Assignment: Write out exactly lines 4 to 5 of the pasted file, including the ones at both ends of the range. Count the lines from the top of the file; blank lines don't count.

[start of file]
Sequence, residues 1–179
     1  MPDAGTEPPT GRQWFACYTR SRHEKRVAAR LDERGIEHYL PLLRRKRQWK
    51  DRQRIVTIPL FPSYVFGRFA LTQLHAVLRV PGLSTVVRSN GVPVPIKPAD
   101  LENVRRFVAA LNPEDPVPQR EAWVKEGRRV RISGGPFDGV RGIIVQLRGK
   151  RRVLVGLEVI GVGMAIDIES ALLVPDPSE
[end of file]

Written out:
   101  LENVRRFVAA LNPEDPVPQR EAWVKEGRRV RISGGPFDGV RGIIVQLRGK
   151  RRVLVGLEVI GVGMAIDIES ALLVPDPSE